Welcome to the workplace; both the website and the thing in a big office with fluorescent lights.
The first thing to say here is that meeting people like this is inevitable. They just exist. You'll find one in many offices, and there's no way around meeting them. It's all about learning to deal with them.
Secondly, then, make sure you do talk to him. The biggest risk you can take is the where you say "It could in the future pose a problem for me because I don't like asking him for help and find myself procrastinating instead of approaching him". Annoying another colleague can be awkward but not doing your work will get you fired, sooner or later. Your priority is doing your work, not worrying about your social interactions.
So the obvious question: how do you talk to him? Well the first thing to try to do is recognise that he's only human: he might be working under pressure and a bit ratty if asked to do other things, but he's still a human with normal emotions and stresses. He also holds no position of authority over you, other than presumably seniority - which is no real authority at all. So just talk to him. Put your emphasis on keeping things professional, and work out exactly what you want to ask before you ask it. At the same time, work out why you need it.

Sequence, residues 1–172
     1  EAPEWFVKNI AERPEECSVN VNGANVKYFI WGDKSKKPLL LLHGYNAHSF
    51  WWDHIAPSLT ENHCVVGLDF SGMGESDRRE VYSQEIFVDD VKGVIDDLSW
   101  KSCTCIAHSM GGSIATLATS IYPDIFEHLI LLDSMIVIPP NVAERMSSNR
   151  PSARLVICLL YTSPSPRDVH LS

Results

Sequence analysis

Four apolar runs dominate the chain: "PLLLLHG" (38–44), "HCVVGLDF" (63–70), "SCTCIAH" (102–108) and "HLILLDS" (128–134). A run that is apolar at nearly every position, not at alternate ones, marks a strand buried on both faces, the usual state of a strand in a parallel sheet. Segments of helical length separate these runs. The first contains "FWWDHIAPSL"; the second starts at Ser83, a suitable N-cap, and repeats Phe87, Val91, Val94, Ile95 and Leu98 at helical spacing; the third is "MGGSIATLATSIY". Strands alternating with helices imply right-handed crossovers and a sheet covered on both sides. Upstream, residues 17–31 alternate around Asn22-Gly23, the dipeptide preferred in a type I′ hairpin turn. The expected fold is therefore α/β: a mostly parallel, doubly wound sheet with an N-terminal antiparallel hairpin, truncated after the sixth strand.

Your aim should be to enter his office/work area, politely get his attention (waiting a moment if he's busy) then putting forward your request as concisely as possible. If he asks why, explain, but again as briefly as possible while giving all the information. It's about keeping things professional, giving him as little as possible to object to, and ignoring the social aspects.
You may also wish to consider mentioning to him that he seems busy, and would he prefer you to send requests via email? That has the additional bonus of keeping a record of what you've asked for and when, so that if he delays you then you have evidence that it's not due to laziness.
And finally, don't let yourself be intimidated. He's your co-worker, nothing more: he might be a grumpy, busy co-worker, but that's no reason to change anything in your approach other than to try to cut out the chit chat you may incorporate when discussing things with friendlier colleagues.